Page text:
1) we recognize that racial uplift is necessarily communal in nature – that is, it’s a team sport (ask any Jewish person) that benefits the individual through the provision of resources and numerous examples of what it means to be a balanced and contributing member of the racial/ ethnic group in question. In addition, building this type of community offers protection when persons within the racial/ ethnic group are singled out for attack. It is because of their deep understanding of this concept amongst Toronto’s Jewish community that the police wouldn’t dream of assaulting and killing Jewish children – there’d be HELL to pay and the perpetrators would have to be brought to justice, whether or not they carried a badge; or

2) we continue to shuffle through life, alone and vulnerable to the whim and fancy of anyone who wants to cash in on our refusal to build with one another in order to achieve a better future for ourselves and our children.

My suspicion is that we’ll continue to choose option (2).

That worries me deeply, because my sons will soon reach an age where they will be in the cross hairs of Toronto’s finest. They will grow up in a city where they will be expected to fend for themselves against the savagery of racist society that is not averse to revealing the snarling face of its bigotry through the state-sanctioned assassination of our babies.

And they will not have the buffer of a community that realizes that, despite their individual ethnic background (Guyanese, Ethiopian, Ghanaian, Trinidadian, etc.), they must rally around their common racial heritage in order to better their collective lot and provide a safe haven for their precious Seed.

Thursday will mark the one year anniversary of the slaying of Junior Manon. The men who snuffed out his tomorrows will continue to receive a salary, confident in their belief that they will never be made to answer for their unconscionable actions.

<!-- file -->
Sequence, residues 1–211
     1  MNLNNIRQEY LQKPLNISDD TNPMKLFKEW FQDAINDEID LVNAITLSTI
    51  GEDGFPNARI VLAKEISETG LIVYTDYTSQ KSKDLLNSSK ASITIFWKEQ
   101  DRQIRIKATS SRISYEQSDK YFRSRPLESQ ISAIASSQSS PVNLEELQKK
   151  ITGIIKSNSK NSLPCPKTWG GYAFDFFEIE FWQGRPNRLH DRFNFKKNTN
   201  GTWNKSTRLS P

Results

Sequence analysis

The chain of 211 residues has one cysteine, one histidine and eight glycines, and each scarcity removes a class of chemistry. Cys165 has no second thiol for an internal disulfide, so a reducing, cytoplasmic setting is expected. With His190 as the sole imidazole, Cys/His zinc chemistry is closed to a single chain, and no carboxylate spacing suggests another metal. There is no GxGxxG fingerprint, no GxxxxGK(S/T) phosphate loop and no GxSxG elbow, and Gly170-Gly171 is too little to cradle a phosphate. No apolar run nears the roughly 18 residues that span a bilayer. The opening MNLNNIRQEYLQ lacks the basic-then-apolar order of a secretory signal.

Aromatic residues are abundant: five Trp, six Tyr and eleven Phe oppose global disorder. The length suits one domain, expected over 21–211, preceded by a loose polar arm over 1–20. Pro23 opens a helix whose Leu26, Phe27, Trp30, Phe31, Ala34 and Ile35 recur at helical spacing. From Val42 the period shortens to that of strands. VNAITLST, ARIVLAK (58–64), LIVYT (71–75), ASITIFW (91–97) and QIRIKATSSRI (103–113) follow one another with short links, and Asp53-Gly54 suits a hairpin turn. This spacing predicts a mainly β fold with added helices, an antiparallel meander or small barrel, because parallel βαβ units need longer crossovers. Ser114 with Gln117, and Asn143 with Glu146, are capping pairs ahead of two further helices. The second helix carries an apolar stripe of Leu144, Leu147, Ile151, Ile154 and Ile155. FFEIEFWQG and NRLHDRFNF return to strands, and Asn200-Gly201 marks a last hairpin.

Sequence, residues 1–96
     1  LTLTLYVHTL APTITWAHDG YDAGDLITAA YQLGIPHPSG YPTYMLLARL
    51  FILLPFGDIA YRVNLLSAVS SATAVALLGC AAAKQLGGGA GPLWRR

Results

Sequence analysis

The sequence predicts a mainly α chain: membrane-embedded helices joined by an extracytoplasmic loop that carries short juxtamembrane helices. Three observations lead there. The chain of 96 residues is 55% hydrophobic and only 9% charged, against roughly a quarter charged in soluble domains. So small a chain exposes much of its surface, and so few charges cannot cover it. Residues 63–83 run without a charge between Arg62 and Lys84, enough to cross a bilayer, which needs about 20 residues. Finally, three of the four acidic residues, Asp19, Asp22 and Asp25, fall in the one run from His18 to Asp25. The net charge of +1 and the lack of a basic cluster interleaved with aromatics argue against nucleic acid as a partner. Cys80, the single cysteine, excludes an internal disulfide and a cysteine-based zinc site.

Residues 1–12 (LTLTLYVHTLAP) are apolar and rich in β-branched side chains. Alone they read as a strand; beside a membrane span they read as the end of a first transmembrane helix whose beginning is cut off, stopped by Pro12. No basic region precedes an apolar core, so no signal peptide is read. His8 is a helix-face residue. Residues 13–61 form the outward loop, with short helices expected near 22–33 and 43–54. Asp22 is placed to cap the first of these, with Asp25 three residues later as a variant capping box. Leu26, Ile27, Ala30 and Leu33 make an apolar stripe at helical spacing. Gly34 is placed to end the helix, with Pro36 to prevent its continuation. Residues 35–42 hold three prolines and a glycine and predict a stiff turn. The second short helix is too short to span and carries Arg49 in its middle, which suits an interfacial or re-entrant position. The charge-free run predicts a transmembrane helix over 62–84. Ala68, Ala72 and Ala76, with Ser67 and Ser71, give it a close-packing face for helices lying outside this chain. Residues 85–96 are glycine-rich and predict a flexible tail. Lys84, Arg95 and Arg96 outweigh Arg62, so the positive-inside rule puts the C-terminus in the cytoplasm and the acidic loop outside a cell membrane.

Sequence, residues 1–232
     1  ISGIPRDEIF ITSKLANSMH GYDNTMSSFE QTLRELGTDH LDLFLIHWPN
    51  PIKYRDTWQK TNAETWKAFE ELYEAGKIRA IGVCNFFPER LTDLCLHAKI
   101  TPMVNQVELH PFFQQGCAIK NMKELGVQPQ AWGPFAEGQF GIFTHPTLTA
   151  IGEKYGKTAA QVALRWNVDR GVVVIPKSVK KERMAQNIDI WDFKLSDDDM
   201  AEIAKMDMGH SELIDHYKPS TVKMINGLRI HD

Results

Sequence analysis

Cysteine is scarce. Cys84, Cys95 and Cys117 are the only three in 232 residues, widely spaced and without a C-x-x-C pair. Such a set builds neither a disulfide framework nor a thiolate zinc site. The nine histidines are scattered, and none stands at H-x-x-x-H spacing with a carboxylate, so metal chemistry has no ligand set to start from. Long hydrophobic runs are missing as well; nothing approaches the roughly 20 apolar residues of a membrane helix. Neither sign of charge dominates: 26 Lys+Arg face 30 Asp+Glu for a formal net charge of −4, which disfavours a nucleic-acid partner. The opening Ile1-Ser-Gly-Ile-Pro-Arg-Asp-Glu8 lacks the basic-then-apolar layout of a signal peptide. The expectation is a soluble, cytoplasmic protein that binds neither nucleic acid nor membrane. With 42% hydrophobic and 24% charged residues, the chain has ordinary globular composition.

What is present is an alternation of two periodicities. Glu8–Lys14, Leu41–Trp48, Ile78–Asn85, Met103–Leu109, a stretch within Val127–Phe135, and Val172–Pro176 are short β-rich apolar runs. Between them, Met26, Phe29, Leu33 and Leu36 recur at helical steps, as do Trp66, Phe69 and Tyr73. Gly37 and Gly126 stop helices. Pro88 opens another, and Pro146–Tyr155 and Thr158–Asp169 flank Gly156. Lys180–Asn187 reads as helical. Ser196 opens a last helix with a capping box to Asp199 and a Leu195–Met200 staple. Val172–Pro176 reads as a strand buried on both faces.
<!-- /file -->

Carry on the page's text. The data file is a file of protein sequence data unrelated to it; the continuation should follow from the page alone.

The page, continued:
Life in this great city will continue as if he never existed. And the Black people in the GTA will continue to ignore the call to unify in defence of our children. Which means that it is only a matter of time before another mother and father – maybe this time, they will be Jamaican, or Somali, or Haitian – are left to mourn the untimely passing of a child ruthlessly cut down before his/ her time…murdered by the boys in blue.

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One Comment »

  • Lesley said:

    Dear Anonymous, it is disheartening to say that you are correct in your assessment of what life is and will be in Toronto for black people or more specifically our youth. You state that “racial uplift is necessarily communal in nature” but you leave us short by not suggesting ways that we as individuals and then as a community can act on and eventually realize the communal benefits of an all encompassing BLACK COMMUNITY. I am sure that there are many like me that are willing to walk with you step by step, hand in hand to fight the fight but we just don’t know how!
    How will I know you? How will I recognize that you are sympathetic to the cause and not just another brother/sister out for his or her own benefit! Where ya at black man? Because I’m here, ready and waiting to do what needs to be done!